There’s always talk about how to make a good female protagonist. It should be noted that there is no one way to do it, but these tips will help you create a character that isn’t flat on the page.

A woman with glasses looking for something on a library book shelf with the text "How to Make a Good Female Protagonist"

Original photo by Clay Banks 

When it comes learning how to make a good female protagonist, there are a lot of factors to consider. And unfortunately, it’s a lot easier to say what not to do than to explain what should be done.

I also think good is a relative term, and maybe when we mean good in this context, we mean believable. Or maybe we mean complex. We could also mean understandable.

There’s a lot that goes into creating a female protagonist — just as much as goes into creating a male protagonist.

There's a lot that goes into creating a female protagonist -- just as much as goes into creating a male protagonist. Click To Tweet

So, it’s with that in mind that I give you these tips, and a reading list of books for you to check out some examples of good female protagonists.

How to Make a Good Female Protagonist

I think it should be noted that there are no hard and fast rules when it comes to making a good female protagonist. Instead, I have a few guidelines.

001: Human first.

I think sometimes writers rely too much on stereotypes or portraying female characters as overly fragile.

I don’t think this works for a number of reasons, but mostly because we live in an era where that fragility has largely been proven to be false.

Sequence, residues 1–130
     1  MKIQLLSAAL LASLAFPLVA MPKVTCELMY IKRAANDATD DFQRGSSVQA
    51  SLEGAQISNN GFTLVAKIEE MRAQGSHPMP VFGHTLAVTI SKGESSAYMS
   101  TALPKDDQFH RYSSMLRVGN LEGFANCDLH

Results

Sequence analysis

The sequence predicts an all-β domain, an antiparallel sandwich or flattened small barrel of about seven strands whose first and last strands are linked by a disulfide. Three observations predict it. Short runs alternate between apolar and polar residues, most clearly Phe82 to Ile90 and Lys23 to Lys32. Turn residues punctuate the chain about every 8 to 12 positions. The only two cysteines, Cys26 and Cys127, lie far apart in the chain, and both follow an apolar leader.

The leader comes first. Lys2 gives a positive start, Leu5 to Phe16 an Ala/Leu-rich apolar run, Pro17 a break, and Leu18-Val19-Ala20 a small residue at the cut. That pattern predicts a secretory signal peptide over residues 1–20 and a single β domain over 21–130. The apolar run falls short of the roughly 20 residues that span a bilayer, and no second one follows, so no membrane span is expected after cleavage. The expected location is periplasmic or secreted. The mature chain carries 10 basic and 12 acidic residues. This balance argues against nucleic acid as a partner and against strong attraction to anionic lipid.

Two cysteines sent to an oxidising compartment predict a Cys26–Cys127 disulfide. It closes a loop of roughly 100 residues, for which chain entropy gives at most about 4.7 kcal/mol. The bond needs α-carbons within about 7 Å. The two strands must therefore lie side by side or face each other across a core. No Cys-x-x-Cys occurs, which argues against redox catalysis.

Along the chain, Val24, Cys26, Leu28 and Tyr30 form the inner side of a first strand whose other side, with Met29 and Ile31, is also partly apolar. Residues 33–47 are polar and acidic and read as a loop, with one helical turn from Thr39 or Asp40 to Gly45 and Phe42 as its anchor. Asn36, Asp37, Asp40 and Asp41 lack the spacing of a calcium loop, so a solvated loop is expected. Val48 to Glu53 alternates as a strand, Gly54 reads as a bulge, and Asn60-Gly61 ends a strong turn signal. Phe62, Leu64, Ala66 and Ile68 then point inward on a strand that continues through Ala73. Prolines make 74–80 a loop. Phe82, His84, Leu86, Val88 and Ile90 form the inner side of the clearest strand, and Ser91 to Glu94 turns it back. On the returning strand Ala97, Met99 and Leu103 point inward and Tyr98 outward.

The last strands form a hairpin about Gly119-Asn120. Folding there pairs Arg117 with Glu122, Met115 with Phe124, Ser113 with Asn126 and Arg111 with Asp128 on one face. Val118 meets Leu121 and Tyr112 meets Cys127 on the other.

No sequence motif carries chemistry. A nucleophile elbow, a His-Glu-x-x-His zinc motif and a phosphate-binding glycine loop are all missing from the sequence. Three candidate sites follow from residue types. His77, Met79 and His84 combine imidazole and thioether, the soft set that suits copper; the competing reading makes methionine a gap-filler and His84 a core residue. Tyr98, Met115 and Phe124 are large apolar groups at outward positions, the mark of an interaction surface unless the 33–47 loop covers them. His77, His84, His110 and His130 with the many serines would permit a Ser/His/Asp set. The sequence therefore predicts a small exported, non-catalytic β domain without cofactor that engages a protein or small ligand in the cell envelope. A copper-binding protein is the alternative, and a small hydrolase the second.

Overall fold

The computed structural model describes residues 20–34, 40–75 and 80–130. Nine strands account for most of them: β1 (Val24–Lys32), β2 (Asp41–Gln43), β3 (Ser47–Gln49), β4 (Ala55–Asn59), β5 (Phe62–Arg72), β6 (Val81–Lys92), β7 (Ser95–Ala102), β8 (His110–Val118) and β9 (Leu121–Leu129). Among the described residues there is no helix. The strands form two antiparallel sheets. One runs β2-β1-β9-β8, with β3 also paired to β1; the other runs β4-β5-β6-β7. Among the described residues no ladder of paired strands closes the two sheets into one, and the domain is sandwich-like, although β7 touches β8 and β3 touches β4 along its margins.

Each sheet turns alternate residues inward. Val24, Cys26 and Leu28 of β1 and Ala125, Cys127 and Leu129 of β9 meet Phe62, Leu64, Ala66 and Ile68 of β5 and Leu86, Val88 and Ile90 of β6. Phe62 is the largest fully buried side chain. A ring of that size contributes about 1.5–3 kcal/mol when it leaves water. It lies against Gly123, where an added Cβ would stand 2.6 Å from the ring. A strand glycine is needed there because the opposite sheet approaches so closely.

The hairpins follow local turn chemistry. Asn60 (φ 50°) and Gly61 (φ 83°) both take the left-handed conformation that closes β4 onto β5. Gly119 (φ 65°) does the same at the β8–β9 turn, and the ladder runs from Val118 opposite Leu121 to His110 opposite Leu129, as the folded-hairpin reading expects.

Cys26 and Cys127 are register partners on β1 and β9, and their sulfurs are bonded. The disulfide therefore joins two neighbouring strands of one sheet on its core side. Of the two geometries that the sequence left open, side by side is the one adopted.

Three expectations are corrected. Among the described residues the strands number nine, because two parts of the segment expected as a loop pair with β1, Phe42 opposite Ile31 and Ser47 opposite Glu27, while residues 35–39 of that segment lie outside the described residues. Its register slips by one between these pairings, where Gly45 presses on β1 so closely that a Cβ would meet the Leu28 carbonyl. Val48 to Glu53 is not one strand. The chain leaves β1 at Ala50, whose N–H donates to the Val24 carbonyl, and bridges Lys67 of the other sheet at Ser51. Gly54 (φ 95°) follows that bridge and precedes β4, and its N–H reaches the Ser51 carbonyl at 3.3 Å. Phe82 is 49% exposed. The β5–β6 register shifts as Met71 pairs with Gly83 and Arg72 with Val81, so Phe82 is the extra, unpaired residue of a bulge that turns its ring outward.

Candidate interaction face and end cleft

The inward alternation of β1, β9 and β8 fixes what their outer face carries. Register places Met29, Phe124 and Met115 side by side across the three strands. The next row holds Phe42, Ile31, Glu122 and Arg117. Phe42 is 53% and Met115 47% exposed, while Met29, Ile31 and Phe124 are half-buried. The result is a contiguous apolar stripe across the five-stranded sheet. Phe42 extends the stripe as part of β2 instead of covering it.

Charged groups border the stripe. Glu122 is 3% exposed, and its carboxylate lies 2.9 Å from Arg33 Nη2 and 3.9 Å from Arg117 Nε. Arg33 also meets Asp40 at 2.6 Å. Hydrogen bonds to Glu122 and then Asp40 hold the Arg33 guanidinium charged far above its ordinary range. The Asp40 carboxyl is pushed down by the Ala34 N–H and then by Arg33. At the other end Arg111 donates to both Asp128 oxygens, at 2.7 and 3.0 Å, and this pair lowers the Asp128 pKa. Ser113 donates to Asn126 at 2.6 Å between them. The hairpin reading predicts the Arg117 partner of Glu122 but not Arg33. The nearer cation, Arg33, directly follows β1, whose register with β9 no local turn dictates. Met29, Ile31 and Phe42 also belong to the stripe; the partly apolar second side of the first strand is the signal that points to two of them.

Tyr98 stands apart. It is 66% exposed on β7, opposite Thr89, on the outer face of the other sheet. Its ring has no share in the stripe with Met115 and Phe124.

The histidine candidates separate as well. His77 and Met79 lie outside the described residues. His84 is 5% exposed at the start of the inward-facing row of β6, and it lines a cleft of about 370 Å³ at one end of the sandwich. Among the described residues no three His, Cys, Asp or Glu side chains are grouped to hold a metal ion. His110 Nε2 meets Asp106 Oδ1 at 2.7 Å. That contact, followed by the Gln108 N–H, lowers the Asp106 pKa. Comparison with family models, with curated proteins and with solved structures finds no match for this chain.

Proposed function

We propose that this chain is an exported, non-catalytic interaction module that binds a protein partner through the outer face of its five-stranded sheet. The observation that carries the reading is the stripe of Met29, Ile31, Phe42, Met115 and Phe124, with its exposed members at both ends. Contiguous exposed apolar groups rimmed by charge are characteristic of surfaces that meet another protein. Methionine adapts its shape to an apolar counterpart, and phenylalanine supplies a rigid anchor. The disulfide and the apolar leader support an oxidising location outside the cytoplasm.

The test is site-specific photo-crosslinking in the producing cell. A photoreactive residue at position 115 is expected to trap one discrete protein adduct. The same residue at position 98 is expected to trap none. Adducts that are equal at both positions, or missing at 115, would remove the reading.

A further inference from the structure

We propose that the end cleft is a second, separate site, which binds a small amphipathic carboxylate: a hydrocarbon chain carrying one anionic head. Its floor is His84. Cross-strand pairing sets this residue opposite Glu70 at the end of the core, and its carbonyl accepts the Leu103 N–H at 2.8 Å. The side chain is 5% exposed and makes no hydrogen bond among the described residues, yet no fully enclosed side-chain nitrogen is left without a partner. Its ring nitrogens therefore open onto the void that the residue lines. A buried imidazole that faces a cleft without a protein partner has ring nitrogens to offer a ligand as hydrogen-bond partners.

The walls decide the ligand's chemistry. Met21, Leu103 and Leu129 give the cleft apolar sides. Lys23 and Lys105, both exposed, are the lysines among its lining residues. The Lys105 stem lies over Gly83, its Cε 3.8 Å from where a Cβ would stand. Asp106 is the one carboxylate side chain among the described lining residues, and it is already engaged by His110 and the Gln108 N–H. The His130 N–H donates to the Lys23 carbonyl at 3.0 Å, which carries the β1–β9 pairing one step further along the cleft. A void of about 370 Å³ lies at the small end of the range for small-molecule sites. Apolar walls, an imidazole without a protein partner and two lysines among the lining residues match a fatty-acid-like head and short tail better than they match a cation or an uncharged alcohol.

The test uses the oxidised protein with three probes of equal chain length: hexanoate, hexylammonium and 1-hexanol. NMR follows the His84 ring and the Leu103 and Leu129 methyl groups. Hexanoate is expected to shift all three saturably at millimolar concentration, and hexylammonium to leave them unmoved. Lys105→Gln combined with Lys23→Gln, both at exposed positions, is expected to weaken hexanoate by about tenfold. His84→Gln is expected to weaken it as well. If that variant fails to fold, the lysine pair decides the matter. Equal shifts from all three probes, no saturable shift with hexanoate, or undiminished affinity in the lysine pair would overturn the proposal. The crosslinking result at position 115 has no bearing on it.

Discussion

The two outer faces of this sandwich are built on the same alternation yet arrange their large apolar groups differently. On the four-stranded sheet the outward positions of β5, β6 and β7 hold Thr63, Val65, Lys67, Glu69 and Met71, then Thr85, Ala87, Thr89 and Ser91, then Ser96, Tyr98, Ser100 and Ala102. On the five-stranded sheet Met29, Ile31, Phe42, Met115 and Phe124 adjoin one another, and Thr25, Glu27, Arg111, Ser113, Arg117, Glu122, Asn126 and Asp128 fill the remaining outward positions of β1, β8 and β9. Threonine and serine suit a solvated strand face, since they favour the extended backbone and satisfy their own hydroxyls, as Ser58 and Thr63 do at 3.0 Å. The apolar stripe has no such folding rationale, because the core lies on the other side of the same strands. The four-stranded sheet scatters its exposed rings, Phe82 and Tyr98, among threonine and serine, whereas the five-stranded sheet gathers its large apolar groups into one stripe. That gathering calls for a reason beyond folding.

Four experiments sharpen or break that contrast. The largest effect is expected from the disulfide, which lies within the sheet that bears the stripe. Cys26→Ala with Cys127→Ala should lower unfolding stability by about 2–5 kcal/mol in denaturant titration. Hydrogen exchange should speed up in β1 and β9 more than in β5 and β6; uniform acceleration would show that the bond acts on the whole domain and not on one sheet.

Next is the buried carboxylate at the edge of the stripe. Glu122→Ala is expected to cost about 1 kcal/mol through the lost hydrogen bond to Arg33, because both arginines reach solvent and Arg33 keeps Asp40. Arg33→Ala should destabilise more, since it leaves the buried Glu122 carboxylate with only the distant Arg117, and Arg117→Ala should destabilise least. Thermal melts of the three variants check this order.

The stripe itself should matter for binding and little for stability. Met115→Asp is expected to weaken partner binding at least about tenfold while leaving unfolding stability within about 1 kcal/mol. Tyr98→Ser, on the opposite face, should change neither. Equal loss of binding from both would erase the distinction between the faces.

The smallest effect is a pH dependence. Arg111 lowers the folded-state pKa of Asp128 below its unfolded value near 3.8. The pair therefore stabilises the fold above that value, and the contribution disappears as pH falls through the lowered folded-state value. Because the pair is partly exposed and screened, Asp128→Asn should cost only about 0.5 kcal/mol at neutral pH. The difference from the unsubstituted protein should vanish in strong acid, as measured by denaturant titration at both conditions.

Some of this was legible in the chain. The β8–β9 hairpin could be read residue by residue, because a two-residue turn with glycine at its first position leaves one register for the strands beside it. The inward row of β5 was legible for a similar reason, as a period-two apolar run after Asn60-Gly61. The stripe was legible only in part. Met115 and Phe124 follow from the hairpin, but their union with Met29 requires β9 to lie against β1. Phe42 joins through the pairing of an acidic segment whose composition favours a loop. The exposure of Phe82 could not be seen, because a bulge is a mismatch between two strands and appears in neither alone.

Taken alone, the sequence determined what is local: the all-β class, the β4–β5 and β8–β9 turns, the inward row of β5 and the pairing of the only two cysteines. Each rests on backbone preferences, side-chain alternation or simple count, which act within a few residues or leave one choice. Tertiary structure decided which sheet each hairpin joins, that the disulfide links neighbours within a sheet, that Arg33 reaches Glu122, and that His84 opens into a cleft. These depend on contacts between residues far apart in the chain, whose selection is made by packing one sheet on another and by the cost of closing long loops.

Sure, there are women out there who are fragile and who aspire to meet all the benchmarks of stereotypical femininity. Looks, size, and personality traits all come in to play here, but I want to throw this idea out here: Even if there are people in real life who are placeholders for the ideal version of their presented gender, they wouldn’t make great characters.

Instead, focus on the things that make the character human. What drives this woman? What does she want more than anything? How does she solve the problems presented to her?

If you answer all those with some kind of stereotype, then your character will fall flat, and thus, won’t be a good female protagonist.

002: Agency always.

When you read a good book, it’s easy to see how the characters and the choices they make are driving the story. When the story drives the characters, it’s hard to enjoy it.

And it’s with that in mind that I encourage you to give your character some agency.

Sure, women haven’t always had the same agency they have now, nor are they always able to explore or embody that agency in their daily lives.

RELATED POST:  Writing Habits of Famous Writers

But ultimately, we need to see this character make decisions for herself. We need to see how her choices are driving the story.

And it would be nice if every now and again stories that portray female agency aren’t tragedies. I think we’re done with stories where women who choose career over love, or where women who choose not to have kids are punished in the narrative by a sudden or unnecessary death.

Women can have cake and eat it too, you know.

003: Antiheroes come in all genders.

Truth be told, I’m pretty much done with antiheroes all together. I think the trope has been done to death, and I’d rather just see an average Joe (or Jane) try to overcome their circumstances.